I was devastated. I was doing very well in my career. I would get to do good stories and do many more important assignments. And here, out of the blue, I was transferred to a tabloid newsmagazine from an important place simply because I had complained against repeated sexual harassment. What kind of justice was that? I was never called by Shiuli Biswas again, nor did Mr Sarkar, under whose instruction the transfer apparently took place, call me in his office to ask what had happened.
I wanted to quit the job. I left the organisation a month and a half after this and joined Ei Samay.
However, even though I left Anandabazar Patrika, Debdut Ghoshthakur continued to work as Chief Reporter till his retirement. Not only that, he even got an extension after retirement.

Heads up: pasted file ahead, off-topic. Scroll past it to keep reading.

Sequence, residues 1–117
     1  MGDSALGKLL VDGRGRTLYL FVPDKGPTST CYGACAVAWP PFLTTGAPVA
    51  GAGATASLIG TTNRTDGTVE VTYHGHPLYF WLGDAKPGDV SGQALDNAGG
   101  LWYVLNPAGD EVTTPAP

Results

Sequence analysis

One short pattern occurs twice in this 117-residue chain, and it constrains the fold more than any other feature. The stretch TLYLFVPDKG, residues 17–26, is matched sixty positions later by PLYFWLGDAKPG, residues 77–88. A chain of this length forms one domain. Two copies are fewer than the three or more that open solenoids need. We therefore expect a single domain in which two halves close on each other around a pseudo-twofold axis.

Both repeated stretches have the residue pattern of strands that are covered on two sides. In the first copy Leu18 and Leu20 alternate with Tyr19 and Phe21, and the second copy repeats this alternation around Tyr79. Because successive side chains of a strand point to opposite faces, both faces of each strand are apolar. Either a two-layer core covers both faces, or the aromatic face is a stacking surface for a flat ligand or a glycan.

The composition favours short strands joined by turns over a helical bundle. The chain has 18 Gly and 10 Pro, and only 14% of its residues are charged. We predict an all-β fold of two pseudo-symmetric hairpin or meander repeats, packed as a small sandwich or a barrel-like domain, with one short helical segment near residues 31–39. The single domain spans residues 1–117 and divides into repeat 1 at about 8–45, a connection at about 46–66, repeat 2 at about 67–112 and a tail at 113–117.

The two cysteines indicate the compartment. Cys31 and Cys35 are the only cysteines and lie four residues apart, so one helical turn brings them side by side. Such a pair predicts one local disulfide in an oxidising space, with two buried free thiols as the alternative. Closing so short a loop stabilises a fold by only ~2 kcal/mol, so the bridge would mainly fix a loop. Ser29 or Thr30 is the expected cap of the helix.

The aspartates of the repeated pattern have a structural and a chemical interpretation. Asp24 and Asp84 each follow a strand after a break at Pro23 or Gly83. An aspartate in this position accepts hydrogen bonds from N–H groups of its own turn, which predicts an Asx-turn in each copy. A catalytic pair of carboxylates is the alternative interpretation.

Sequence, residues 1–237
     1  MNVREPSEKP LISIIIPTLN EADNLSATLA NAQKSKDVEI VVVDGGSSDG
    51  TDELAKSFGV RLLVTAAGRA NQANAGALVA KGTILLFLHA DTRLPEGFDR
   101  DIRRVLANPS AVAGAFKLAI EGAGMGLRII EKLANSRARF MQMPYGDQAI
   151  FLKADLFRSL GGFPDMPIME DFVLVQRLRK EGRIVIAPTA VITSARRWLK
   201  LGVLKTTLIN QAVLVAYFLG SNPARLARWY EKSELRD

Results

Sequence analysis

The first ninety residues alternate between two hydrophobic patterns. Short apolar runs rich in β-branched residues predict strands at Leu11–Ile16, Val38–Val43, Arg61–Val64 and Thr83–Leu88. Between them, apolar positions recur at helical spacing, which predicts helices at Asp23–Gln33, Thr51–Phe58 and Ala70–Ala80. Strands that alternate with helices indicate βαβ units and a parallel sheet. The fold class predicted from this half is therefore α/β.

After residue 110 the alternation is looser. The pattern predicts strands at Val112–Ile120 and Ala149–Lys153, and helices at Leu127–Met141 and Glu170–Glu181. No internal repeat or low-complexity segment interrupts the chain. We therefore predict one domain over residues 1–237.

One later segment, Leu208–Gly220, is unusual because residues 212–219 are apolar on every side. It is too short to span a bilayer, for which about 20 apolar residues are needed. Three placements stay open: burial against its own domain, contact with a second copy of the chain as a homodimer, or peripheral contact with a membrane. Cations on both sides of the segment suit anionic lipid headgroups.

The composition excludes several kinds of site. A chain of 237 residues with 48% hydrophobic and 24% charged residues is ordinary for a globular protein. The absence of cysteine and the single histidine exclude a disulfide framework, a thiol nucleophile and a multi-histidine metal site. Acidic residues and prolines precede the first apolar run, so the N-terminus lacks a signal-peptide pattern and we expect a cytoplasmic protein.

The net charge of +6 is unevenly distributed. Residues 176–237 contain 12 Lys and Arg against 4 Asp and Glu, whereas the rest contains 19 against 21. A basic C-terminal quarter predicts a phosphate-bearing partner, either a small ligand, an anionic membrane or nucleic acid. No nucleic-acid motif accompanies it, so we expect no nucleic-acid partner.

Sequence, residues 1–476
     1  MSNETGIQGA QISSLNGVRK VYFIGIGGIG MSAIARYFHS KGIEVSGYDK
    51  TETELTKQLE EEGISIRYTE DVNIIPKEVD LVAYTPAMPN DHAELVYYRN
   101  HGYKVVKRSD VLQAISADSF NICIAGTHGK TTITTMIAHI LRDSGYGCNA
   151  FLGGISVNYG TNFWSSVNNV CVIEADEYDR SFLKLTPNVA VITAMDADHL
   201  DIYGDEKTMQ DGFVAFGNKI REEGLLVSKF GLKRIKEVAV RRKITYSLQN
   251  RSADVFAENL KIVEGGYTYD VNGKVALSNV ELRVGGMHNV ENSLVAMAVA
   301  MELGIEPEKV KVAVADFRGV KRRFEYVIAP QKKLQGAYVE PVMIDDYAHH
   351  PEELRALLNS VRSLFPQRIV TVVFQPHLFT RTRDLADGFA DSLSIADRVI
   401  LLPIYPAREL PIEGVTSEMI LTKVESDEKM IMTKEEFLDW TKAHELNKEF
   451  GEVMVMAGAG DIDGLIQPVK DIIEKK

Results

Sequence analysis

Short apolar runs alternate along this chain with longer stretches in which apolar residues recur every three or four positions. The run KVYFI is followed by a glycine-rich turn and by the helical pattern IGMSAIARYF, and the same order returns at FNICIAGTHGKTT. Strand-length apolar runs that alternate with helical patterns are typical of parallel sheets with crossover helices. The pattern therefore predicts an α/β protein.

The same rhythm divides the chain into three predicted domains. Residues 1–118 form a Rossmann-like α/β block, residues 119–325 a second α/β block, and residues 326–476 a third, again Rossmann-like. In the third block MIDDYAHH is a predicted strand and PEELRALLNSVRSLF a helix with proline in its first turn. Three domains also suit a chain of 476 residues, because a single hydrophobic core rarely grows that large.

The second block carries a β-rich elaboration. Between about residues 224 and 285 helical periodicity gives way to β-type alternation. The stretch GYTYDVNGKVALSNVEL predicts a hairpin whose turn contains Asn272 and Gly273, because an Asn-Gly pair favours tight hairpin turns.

[The Bengal Story got in touch with Debdut Ghoshthakur and he said: “I completely deny. It is really unfortunate.”
We also got in touch with Shiuli Biswas. Biswas said: “I cannot respond because one, I cannot recall the exact sequence of events the way you’ve mentioned her narrative. Two, I am no longer part of the HR department. Three, it must have gone to the internal committee that handles sexual harassment and must be in the office records. We got in touch with Suman Banerjee, who is now the company’s HR head. He could not be contacted over phone despite repeated attempts. We sent him an email with the details, seeking his response. This piece will be updated as soon as we hear from him.]